Growing Microgreens from Sowing to Harvest

Reader Contribution by Benedict Vanheems
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Photo by Pixabay/JillWellington

Microgreens are incredibly speedy, reaching harvesting size just five to 25 days after sowing. The crops most commonly grown as microgreens are leafy herbs, salads and brassicas such as radishes and turnips.

To grow microgreens indoors in winter, you need some grow lights. If you’re purchasing a new set it’s worth considering LED grow lights, which are more energy efficient than fluorescent lights. You’ll also need seed flats, seeds and a finely-sieved potting mix.

Sowing and Growing Microgreens 

Fill the trays to within half an inch of the rim with your potting mix. Tamp it all down with something flat-bottomed such as a block of wood. Broadcast your seeds across the potting mix surface, aiming for an even spread and avoiding clumps.

Broadcast sow your seeds, crisscrossing back and forth across the surface of the potting mix. Try to avoid any clumps. Gently tamp the seeds down so they are in good contact with the potting mix. Use a mister or spray bottle to water your seeds.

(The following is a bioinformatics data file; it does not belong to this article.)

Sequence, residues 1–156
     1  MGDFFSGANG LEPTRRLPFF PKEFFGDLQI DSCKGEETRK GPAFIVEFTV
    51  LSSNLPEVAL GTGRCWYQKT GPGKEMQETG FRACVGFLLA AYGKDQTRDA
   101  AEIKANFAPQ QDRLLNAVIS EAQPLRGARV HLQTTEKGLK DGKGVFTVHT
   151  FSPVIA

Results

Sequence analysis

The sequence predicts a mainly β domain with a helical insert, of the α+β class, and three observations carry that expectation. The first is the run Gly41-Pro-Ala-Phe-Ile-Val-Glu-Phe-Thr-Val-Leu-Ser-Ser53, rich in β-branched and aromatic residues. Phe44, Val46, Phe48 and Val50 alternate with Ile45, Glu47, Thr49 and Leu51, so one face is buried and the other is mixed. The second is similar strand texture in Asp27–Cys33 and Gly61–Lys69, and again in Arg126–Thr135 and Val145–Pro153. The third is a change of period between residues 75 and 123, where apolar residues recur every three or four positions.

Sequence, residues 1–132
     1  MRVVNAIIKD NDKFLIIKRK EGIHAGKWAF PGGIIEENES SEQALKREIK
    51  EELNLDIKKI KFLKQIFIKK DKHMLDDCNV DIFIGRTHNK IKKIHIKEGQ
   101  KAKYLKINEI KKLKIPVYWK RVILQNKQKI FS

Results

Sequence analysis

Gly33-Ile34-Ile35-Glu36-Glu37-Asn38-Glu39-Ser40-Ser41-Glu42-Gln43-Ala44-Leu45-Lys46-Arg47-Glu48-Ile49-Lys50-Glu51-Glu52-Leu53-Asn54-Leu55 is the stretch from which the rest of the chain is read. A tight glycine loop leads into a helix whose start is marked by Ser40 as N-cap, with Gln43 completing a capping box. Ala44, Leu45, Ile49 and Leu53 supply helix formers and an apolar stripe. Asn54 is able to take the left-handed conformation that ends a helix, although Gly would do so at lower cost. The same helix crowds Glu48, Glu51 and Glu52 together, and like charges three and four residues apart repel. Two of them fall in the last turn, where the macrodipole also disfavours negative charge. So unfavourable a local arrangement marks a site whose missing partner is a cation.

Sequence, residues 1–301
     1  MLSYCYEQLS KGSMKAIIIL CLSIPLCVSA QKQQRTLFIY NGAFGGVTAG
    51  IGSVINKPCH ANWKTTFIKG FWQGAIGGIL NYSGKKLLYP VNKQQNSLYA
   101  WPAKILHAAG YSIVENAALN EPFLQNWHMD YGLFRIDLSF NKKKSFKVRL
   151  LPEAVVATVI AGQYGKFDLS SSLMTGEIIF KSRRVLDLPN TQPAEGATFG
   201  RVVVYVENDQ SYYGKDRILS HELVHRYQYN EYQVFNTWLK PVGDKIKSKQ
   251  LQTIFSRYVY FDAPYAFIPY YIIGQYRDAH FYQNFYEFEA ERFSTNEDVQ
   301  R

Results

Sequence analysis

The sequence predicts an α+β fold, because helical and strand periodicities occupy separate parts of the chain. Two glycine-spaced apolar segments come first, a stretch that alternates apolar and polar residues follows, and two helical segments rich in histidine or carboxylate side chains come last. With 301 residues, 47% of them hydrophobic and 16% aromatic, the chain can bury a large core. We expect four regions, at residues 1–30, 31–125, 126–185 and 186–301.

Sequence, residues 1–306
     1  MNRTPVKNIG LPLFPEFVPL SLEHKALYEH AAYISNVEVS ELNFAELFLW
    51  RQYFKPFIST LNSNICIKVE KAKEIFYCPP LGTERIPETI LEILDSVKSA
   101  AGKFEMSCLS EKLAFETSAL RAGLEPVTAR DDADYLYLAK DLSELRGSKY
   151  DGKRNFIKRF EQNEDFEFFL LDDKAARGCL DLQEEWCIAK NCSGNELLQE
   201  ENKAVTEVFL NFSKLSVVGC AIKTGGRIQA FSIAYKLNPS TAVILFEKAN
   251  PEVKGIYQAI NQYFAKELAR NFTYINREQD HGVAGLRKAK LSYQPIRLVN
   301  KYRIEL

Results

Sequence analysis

Move the trays to somewhere warm and stack the trays two or three deep, then place an empty tray on top and weigh it down. Applying gentle pressure like this helps produce thicker stems and stronger growth.  As soon as your seeds germinate, transfer the seed flats to under your grow lights.

Keep your grow lights on for between 12 and 16 hours per day. Check the potting mix daily, and mist with fresh water if dry.

Harvesting Microgreens 

Harvest your microgreens when they’re around one to three inches tall, and have produced their first adult leaves. Snip them off close to the bottom of the stem using scissors.

Microgreens are most nutritious when eaten immediately, but they can be kept in plastic bags in the salad compartment of your refrigerator for up to five days. Serve them in salads or use them as a gourmet garnish.

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